My pimento cheese sammy consisted of a generous scoop of the cheese filling with lettuce, tomato and a slice of onion. The cheese was yummy, but very heavily laced with olives. So much so that it was difficult to discern any other flavor. This was perfectly ok with me because I love olives, but the intensity of the briny saltiness might have been a little overpowering for some diners. Serving it on flatter bread and spreading it out a little thinner might have helped distribute the flavor a little more evenly.

pimento cheese sandwich etc.

The salads were both awesome IMO – served in little plastic cups that looked deceptively small at first, but offered a surprising amount in the end. The delicious wheatberry salad was unlike anything I’ve tried before. Studded with small crunchy bits of organic carrot and red onion in a mild vinaigrette dressing, the chewy wheatberry grains were really satisfying. I loved it, as well as the orzo pasta with roasted veggies that reminded me of something similar I’d eaten at Essential Edibles back in the day.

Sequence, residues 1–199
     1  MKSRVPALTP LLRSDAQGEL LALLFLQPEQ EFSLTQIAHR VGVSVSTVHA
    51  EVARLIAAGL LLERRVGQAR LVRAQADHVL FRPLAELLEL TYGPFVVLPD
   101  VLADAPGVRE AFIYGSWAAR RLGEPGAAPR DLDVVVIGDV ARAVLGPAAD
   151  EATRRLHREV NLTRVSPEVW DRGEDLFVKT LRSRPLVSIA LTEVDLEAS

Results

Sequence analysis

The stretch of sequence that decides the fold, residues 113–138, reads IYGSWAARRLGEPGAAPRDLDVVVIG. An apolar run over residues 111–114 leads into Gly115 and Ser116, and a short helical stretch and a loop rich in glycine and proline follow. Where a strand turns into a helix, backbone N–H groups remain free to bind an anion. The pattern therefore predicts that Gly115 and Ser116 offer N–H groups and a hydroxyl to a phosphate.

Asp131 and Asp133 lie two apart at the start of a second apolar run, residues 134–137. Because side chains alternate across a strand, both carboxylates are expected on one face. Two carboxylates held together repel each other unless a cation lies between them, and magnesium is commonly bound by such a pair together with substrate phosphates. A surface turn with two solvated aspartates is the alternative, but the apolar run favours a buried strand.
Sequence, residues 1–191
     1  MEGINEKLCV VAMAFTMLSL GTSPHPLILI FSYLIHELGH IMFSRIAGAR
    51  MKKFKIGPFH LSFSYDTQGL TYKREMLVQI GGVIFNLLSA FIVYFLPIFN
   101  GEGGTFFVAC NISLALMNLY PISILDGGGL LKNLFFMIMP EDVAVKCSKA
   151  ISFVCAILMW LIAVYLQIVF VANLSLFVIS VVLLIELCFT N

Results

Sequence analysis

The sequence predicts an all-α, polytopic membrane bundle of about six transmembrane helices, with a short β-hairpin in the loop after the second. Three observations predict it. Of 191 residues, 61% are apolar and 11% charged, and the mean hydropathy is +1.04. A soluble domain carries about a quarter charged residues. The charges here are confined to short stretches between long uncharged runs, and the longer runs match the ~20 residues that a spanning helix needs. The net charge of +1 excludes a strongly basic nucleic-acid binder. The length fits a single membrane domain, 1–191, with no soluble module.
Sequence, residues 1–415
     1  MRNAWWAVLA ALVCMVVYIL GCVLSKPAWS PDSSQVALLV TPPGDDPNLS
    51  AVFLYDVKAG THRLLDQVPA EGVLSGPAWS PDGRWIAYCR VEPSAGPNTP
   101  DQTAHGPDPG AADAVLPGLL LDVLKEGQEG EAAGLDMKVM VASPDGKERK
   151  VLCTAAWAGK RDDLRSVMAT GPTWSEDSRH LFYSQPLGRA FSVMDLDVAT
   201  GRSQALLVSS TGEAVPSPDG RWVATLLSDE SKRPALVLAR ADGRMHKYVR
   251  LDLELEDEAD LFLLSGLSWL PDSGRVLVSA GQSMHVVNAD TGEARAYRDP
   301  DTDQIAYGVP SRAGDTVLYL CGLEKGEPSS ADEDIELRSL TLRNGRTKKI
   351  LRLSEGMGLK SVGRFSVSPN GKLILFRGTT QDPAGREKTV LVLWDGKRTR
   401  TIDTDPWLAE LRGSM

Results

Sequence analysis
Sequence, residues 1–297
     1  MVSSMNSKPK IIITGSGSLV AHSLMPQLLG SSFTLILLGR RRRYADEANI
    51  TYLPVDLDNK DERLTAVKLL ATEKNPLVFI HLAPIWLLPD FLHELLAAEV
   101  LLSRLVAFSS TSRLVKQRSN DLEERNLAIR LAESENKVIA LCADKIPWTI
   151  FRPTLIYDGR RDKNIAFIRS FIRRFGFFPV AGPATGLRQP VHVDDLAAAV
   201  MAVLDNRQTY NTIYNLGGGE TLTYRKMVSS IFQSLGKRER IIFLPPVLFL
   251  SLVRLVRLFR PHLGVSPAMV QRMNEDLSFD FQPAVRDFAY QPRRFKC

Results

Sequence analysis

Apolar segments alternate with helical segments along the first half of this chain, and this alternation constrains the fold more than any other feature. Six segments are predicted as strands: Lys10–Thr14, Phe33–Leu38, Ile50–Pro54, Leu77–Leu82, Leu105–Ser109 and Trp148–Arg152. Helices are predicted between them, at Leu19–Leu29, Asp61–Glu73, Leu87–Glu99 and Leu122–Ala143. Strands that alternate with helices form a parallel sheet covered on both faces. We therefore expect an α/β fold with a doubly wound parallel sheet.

orzo pasta salad and wheatberry salad

Hubby has a beef, though. I believe I may have mentioned his hatred of onions once or twice? Basically, if he even thinks he sees one, smells one or tastes one anywhere in a dish, it’s game over. He won’t even take a courtesy bite to be nice. So if there’s one thing he hates about dining out, it’s when onions make an appearance without forewarning. It’s ok when the menu advertises them in a dish, as he can then plan accordingly to avoid it. But when they just show up in something he was otherwise really looking forward to eating, he gets upset.

Three out of the four items we ordered for our Duos lunch contained onions. My pimento cheese sandwich included a whole raw slice, which I picked off, but still immediately disqualified it from hubby tasting. (He claims that even if you remove the onion, it’s too late at that point, having already “tainted” the rest of the dish.) The salads both included small slivers of red onion, caramelized and soft so they weren’t raw, but offensive to hubby just the same. Sigh. I think the wheatberry salad mentioned an onion inclusion on the chalkboard menu, but the orzo pasta salad description just held a vague reference to roasted vegetables.

I’m not trying to pick on Duos here, this actually happens to us quite frequently in restaurants. We try to remember to always ask when ordering, but sometimes we forget and get nailed. The point hubby wants to make is that he feels menus should alert diners to onions in any and all dishes, no ifs, ands or buts. I think he may start lobbying Congress for a full disclosure bill.